The causes that contributed to the enthronement of gold were many. Especially in the latter half of the nineteenth century, the application of science to modern industries was being perfected. The introduction of machinery into almost every department in trade, the advent of steam vessels and the large increase in shipping, besides the extended use of the power plant for manufactures, made it imperative for each nation to extend its commerce as far as possible. England led the way in this as in many other things; especially about the sixties of the last century England occupied a position almost unique in the history of the world. She was the only country in Europe not involved in any serious struggle and able to carry on the peaceful occupations. She was the only country in the world which had over-seas possessions of any magnitude, where she could sell her manufactures. In Europe itself, Russia, in spite of its vastness, did not count as an industrial power. The once powerful kingdom of Poland was already destroyed. Modern Germany, and modern Italy were still in the course of formation and the internecine strifes were sufficient to keep the public away from peaceful industrial development. The kingdom of Austria was powerful; but it had its Hungarian and Slav troubles, besides conflicts with both Prussia and Sardinia. The Pope was a further contributing factor to the disturbance of peace, not only in Italy but also in Germany, France and Austria. France had gone through numerous revolutions and she had still not recovered from the effect of the previous strifes, when the advent of Napoleon III put an end to all hopes of peaceful and industrial progress. Spain was troubled over its succession; the North countries, especially the Scandinavian states, and Turkey were never factors of any note, so far as industrial progress was concerned. It is not necessary to make even the slightest reference to any other country in the world except the United States of America, which was then only consolidating; but even there the slave trouble and the rupture between the North and South put back the clock of progress. Is it any wonder then that England„ from her isolated point of vantage as an island, was able to forge ahead of all other nations in shipping, industries and manufactures? The nation found greater profits in manufactures and hence was giving up agriculture and other occupations that were the chief means of livelihood in other countries, even in Europe. The whole world was being flooded with English goods at a cost at which it would be simply impossible for the importing countries to produce the same stuff. Of course, later on, the European countries and America learned the use of machinery from England and began to compete with her; but for the moment she was supreme. Even as late as 1880, Germany and the United States, which, during recent years, have held almost a complete supremacy in applied science, were indebted to British engineers for the construction of their railways and water-works; their factories were managed by Englishmen, and the latter organized the whole of their industrial life.

The advance in manufactures had only one meaning; that is, that the conversion of the raw materials into the desired fabrics was attended with large profits. In other words, the balance in favour of Great Britain became every year larger and larger. And at that time the situation was unique in that the great majority of the profit was-obtained outside of the country. The profits of the British manufacturers came out of the pockets of people in other parts of the world. It is not generally understood that in those times the principal means of obtaining the surplus from other nations was by taking in precious metals, like gold and silver. Special emphasis should be laid on the surplus, because I want it to be clearly understood that the manufacturers that sent out their cargoes, took in the first place every produce that was available in the shape of cargo, which was needed or which could be marketed in Great Britain. There is a vast difference between the situation to-day and that of, say, the sixties of the last century. England invests large sums of money to-day; foreign relations and adjustments permit of the safe investment of the surplus wealth of the nationals of one country in another. England receives large sums in the shape of freights from foreign countries, as her shipping is practically as much as that of the rest of the world put together. In those days England was the only country having a big over-seas trade; and hence she alone needed ocean carriers. Trade conditions were not quite on all fours with those of to-day. When England traded with China she had to bring actual specie if she wanted to buy tea for a higher value than that of the wool brought by a certain steamer; similarly if the Chinese wanted to buy more goods from England than the tea and silk which they sold they had to pay also in specie. Being mainly a manufacturing country and having the enterprise to venture out to different parts of the world, the result in the case of England was that the situation was always in favour of fresh and fresh importations of the precious metals into England.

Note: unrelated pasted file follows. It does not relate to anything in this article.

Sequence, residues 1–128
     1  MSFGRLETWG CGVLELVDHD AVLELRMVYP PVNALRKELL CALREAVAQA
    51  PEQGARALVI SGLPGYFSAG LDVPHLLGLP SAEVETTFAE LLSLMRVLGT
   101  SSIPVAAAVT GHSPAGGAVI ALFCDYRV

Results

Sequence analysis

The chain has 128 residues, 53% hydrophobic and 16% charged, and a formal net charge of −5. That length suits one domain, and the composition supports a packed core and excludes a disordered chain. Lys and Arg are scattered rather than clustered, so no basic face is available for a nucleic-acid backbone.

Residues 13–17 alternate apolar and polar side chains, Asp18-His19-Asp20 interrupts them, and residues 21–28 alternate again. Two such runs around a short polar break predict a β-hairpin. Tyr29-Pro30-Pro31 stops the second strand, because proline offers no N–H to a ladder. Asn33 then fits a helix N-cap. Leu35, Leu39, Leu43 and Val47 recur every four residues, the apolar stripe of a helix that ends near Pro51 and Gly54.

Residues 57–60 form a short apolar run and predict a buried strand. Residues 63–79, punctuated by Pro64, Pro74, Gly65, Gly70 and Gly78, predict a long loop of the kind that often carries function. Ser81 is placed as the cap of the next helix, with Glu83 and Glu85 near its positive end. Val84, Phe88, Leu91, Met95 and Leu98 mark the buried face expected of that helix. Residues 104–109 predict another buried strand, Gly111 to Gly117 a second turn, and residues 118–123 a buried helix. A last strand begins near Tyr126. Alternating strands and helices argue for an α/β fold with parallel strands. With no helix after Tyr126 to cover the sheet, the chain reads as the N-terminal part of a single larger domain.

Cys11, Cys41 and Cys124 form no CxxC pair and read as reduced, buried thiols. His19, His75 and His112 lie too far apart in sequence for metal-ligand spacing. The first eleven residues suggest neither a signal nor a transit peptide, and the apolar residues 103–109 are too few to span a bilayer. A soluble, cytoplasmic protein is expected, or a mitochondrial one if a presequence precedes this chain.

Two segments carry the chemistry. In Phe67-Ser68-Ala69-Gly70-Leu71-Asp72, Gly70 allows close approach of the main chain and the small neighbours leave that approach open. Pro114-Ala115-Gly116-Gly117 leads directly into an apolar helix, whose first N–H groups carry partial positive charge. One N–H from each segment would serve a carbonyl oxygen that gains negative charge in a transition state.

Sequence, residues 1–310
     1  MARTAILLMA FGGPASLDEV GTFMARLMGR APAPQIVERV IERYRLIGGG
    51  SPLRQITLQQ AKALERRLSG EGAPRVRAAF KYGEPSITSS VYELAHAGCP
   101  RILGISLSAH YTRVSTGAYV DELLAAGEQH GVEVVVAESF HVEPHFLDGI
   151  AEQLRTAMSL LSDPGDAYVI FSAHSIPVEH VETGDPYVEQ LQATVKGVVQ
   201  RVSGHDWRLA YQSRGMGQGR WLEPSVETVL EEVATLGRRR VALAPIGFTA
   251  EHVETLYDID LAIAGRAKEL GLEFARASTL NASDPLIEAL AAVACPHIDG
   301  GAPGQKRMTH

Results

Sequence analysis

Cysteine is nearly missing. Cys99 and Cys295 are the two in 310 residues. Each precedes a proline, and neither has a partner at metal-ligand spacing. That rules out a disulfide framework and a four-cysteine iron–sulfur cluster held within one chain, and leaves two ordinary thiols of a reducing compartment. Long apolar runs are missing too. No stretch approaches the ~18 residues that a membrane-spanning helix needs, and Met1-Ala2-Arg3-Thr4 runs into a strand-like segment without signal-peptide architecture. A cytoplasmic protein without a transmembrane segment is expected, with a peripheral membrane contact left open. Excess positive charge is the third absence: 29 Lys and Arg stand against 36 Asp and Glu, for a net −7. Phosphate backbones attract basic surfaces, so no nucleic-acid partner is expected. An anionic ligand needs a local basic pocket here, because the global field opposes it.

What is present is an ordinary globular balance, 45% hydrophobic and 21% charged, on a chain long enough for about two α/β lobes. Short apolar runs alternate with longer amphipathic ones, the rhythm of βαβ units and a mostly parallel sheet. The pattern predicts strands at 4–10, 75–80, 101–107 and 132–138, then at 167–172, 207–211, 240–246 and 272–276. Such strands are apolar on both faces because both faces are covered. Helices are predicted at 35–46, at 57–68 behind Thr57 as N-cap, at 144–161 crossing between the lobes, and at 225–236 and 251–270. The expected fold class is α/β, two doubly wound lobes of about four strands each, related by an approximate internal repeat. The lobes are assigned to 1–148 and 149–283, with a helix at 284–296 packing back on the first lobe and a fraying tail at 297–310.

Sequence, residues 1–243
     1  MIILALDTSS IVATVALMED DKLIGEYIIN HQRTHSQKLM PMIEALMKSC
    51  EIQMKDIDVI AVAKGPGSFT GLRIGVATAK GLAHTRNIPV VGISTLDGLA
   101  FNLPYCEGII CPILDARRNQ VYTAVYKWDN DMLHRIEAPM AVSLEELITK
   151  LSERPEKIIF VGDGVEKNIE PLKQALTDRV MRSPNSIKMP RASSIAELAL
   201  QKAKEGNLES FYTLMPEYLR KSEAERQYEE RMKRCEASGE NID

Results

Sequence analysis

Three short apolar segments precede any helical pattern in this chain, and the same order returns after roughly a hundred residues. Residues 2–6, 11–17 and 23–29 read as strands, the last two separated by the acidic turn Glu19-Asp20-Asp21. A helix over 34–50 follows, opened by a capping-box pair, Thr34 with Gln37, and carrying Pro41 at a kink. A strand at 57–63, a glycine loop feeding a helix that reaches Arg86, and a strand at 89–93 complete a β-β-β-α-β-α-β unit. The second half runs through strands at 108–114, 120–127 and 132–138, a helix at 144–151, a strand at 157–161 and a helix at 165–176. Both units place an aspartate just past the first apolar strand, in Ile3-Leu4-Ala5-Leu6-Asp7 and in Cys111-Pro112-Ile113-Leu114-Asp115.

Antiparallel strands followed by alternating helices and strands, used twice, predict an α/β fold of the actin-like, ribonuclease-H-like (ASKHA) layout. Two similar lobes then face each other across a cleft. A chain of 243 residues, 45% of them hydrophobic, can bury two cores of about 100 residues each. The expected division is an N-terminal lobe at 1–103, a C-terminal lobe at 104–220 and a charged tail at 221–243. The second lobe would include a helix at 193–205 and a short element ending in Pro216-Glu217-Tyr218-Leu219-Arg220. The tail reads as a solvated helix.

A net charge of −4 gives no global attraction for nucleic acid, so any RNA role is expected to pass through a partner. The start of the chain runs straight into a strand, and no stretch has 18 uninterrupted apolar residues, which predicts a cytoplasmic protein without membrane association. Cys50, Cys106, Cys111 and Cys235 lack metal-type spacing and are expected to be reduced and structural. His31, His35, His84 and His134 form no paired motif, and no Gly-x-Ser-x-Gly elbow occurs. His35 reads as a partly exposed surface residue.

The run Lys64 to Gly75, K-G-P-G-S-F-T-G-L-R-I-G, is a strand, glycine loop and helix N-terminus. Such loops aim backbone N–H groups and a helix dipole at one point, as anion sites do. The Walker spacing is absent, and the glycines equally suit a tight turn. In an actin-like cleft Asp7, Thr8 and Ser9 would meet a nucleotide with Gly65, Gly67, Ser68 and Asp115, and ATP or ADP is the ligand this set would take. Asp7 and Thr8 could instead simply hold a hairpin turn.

In those times silver was the standard of every country in the world although, however, gold and silver circulated on the basis of their intrinsic value. The principle of token coins was only a latter day invention and was not successful even in England, until late in the eighties. Moreover, the supply of the precious metals was then not abundant. The production of gold and silver in the world was very nearly of equal value before the seventies. The ratio between the two metals varied according as there was a scarcity of one or the other. The surplus taken to England was in both silver and gold, especially the latter - as people parted with it quicker because it was then solely a commodity. The accumulation of gold in England thus increased year after year, and it so happened that gold was usable to a very large extent for the payment which England had to make for her purchase of cargo. Silver, including new silver coins, was being exported very heavily even in the reign of William III. Thus the large stocks of gold of the country and the comparatively large prosperity of the nation, as a result of industrial advancement, besides, of course, a certain amount of state compulsion, necessitated by large exports of silver coins and silver bullion, led to the adoption of gold as a standard of value. It is needless for me to state that people - even some famous economists of the period - did not take kindly to this change; and thus even as late as the nineties there were potent voices raised in favour of bi-metallism.